To promote growth, fertilize your roses at least 3 times per year. In early spring when they first leaf out, after the first flush of blooms, and in late summer before the fall flush. Water whenever the top few inches of soil are dry, checking often when temperatures go above 85℉.
Growth rate depends greatly on how your rose was propagated. Are you growing your own roses from seeds? Did you receive a large bare root from an online vendor? Did you purchase a small, own-root rose in a pot? This growth chart can help you figure out your desired option:
|Rose Growth Chart|
|Propagation Type||Time Until Transplant||Time Until Bloom||Time Until Maturity|
|Seed||4-6 months||6 months to 1 year||3-4 years|
|4-6 inch Potted Band Rose||Immediately||1 week to 1 year||3-4 years|
|Bare-root||Immediately||Same year||1-3 years|
|1 Gallon Potted Rose||Immediately||Same year||2-3 years|
If you want fast results, you will get the most blooms quickly from a nursery-grown 1-gallon or larger potted rose. This will allow you to see the color and form of blooms right away, even though the best quality and quantity will only be apparent at maturity in 2-3 years after transplanting.
With good quality bare-root roses from a reputable online vendor, you will also see blooms in the first season. However, the most important factor is the specific rose you choose. For rapid growth, you want the most vigorous varieties.
Fast Growing Varieties
Some roses, especially those related to species (wild) roses are very fast growers. Other cultivars are bred to have vigorous growth rates. If you’re impatient for the look of a mature garden rose with lots of blooms as soon as possible, consider one of these varieties:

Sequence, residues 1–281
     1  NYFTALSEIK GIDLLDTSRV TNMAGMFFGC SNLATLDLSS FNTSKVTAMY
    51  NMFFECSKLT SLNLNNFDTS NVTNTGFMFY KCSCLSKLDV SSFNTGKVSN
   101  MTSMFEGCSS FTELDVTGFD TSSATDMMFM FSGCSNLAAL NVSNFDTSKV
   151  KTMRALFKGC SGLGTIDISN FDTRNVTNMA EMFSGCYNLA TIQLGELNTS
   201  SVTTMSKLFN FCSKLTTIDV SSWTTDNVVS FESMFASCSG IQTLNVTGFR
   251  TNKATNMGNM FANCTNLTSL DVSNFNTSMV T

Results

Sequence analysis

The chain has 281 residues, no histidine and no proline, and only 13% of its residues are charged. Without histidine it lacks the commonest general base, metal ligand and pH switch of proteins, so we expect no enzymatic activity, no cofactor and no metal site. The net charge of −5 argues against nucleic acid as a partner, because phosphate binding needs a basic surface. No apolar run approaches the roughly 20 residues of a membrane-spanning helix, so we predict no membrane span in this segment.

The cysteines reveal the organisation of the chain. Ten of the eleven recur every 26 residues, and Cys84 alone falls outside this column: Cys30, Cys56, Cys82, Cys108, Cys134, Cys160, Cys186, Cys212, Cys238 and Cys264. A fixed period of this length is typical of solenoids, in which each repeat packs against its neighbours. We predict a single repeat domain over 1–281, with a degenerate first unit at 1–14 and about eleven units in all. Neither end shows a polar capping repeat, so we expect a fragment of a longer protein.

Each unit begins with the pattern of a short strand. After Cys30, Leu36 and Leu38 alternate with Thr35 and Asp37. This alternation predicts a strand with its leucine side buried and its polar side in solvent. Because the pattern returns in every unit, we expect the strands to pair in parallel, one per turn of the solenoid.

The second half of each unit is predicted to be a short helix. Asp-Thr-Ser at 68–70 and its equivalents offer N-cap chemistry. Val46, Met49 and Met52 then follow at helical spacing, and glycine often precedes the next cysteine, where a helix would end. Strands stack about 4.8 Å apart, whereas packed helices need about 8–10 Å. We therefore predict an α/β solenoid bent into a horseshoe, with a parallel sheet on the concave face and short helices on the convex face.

|botanical name Rosa ‘New Dawn’|
|plant type Perennial|
|sun requirements Full Sun-Part Shade|
|height 10’ – 15’|
|hardiness zones 6-11|
‘New Dawn’ is a gorgeous silvery pale pink, with long canes that will quickly grow to their mature height of 10-15 feet. This rose “World’s Most Popular Rose” at The World Convention of Rose Societies.
‘New Dawn’ boasts excellent disease resistance and blooms all season.
|botanical name Rosa ‘The Fairy’|
|plant type Perennial|
|sun requirements Full Sun-Part Shade|
|hardiness zones 5-10|
If you’d prefer all the bloom power on a compact shrub, dwarf polyantha ‘The Fairy’ will surpass your expectations. This rose grows quickly and is soon smothered with a dense cover of double pink blooms.
‘The Fairy’ is a polyantha rose, known for being reliable and vigorous. It grows well despite pest pressure and drought. It’s well known for its pink rose blossoms and hardy nature.
|botanical name Rosa ‘RADrambler’|
|plant type Perennial|
|sun requirements Full Sun-Part Shade|